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After children are grown, custodial parent still a victim of nonsupport

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The Indiana Supreme Court ruled that a mother was a victim of a father who failed to pay support for his three children even years after the kids were grown.

Justices overturned a Court of Appeals ruling on Friday in Felix C. Sickels v. State of Indiana, 20S03-1206-CR-308. The Court of Appeals ruled the trial court erred in holding that the custodial parent was a victim of the non-custodial parent’s nonsupport.

“We hold that the trial court was well within its discretion to find that the custodial parent was the ‘victim,’” Justice Loretta Rush wrote for the unanimous court.

Felix Sickels had been charged in 2001 with failure to support his dependent children. He had moved to Michigan and wasn’t extradited until 2010, by which time his children were emancipated adults. He was convicted in 2011, ordered to serve 10 years through community corrections and pay the mother more than $84,000 in child-support arrearage.

Rush wrote that there were sound public policy considerations for why the custodial parent should be considered a victim, not the least of which is that directing restitution to children could create concerns about enforcement of support orders.

“We do not hold that a custodial parent whose children are now emancipated is the only possible ‘victim’ under these circumstances, but that a custodial parent is entitled to a presumption that he or she has suffered an ‘injury, harm or loss’ as a direct result of the noncustodial parent’s failure to pay child support. As a result, and barring an unusual circumstance, the custodial parent will be the recipient of criminal restitution for child-support arrearage in cases where the children have been emancipated,” Rush wrote.








 

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  1. Well, maybe it's because they are unelected, and, they have a tendency to strike down laws by elected officials from all over the country. When you have been taught that "Democracy" is something almost sacred, then, you will have a tendency to frown on such imperious conduct. Lawyers get acculturated in law school into thinking that this is the very essence of high minded government, but to people who are more heavily than King George ever did, they may not like it. Thanks for the information.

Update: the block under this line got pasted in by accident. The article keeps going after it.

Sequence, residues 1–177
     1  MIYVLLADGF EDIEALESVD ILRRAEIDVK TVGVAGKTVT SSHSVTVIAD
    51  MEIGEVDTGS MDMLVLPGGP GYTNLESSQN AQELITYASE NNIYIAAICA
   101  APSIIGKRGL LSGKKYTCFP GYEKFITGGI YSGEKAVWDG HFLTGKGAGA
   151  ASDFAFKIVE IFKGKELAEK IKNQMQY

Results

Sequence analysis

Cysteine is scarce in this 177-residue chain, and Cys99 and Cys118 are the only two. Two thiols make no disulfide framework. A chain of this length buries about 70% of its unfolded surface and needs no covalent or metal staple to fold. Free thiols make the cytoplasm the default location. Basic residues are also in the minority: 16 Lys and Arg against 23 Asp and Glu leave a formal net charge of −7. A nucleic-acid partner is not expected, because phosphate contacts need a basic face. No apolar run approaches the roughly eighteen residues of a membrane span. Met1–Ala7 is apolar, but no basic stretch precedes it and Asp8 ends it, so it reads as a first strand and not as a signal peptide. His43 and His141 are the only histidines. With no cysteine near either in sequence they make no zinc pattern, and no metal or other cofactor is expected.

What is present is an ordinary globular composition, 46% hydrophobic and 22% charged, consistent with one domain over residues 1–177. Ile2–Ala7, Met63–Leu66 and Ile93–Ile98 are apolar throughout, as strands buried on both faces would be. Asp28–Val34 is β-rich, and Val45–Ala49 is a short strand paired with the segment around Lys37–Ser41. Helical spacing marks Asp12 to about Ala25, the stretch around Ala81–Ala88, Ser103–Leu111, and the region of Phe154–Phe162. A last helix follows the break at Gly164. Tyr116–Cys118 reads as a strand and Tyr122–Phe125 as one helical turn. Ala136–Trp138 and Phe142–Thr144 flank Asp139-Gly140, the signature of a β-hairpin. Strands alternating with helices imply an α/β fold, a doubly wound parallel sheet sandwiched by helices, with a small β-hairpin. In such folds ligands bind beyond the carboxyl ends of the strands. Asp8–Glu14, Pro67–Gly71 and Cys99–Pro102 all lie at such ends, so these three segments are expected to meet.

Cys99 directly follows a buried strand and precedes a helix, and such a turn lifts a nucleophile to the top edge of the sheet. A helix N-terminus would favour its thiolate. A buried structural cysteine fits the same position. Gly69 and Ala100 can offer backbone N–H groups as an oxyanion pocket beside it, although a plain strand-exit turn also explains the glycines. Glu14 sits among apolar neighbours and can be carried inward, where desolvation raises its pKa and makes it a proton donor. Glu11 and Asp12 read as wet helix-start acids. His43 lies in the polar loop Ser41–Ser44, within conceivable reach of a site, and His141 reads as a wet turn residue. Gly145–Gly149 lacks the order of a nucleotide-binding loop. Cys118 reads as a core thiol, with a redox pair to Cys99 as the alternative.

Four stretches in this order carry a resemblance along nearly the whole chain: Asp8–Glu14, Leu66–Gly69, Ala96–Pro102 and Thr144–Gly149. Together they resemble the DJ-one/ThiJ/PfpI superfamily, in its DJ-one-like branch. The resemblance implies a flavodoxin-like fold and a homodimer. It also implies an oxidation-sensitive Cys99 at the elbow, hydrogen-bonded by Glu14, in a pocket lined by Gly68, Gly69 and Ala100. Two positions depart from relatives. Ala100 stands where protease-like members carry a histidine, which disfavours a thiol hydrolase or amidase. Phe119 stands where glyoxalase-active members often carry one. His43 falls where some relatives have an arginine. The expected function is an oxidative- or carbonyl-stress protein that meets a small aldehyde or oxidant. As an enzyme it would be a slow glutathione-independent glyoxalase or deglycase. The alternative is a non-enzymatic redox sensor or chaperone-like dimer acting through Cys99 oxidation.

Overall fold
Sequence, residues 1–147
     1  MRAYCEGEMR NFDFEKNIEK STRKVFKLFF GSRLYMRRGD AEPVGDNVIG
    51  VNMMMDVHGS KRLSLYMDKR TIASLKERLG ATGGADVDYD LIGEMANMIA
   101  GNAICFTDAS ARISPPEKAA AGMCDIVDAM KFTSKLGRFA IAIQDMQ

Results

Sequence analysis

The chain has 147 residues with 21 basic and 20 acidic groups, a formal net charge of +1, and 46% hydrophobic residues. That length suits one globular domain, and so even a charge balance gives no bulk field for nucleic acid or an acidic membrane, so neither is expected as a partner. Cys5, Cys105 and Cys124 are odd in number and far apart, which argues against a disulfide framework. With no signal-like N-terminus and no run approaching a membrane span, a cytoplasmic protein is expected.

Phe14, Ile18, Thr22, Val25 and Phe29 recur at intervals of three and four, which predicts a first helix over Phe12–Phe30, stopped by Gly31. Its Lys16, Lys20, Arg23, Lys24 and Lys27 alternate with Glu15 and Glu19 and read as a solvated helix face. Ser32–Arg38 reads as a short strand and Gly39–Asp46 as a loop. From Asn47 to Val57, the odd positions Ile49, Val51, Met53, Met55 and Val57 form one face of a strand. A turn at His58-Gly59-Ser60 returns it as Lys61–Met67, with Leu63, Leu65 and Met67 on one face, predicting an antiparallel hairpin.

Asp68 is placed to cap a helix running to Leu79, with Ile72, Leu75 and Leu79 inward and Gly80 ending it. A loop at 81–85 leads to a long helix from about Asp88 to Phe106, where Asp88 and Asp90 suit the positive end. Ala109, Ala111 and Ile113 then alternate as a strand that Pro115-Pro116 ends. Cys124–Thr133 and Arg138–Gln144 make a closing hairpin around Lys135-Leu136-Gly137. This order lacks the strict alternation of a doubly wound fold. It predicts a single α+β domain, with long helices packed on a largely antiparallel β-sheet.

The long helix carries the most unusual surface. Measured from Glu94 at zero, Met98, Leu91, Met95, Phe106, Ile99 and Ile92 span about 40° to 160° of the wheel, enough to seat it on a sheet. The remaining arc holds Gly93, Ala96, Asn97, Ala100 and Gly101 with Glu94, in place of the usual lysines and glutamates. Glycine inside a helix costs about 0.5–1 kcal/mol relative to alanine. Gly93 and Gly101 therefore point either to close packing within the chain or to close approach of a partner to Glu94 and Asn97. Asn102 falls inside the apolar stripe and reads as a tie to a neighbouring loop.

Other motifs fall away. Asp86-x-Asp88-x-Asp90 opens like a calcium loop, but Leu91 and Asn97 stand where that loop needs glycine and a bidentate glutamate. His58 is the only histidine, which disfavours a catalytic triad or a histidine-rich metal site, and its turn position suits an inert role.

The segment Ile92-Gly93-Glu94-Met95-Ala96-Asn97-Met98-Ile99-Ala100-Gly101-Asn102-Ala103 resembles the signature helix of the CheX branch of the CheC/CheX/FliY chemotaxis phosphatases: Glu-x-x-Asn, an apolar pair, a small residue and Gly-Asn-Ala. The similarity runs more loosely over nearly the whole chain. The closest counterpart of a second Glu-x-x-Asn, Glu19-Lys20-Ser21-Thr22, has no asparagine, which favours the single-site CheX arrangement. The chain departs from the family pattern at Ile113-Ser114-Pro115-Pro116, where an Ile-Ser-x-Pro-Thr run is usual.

2. I pd for a bankruptcy years ago with Mr Stiles and just this week received a garnishment from my pay! He never filed it even though he told me he would! Don't let this guy practice law ever again!!!

  3. Excellent initiative on the part of the AG. Thankfully someone takes action against predators taking advantage of people who have already been through the wringer. Well done!

  4. Conour will never turn these funds over to his defrauded clients. He tearfully told the court, and his daughters dutifully pledged in interviews, that his first priority is to repay every dime of the money he stole from his clients. Judge Young bought it, much to the chagrin of Conour’s victims. Why would Conour need the $2,262 anyway? Taxpayers are now supporting him, paying for his housing, utilities, food, healthcare, and clothing. If Conour puts the money anywhere but in the restitution fund, he’s proved, once again, what a con artist he continues to be and that he has never had any intention of repaying his clients. Judge Young will be proven wrong... again; Conour has no remorse and the Judge is one of the many conned.

  5. Pass Legislation to require guilty defendants to pay for the costs of lab work, etc as part of court costs...

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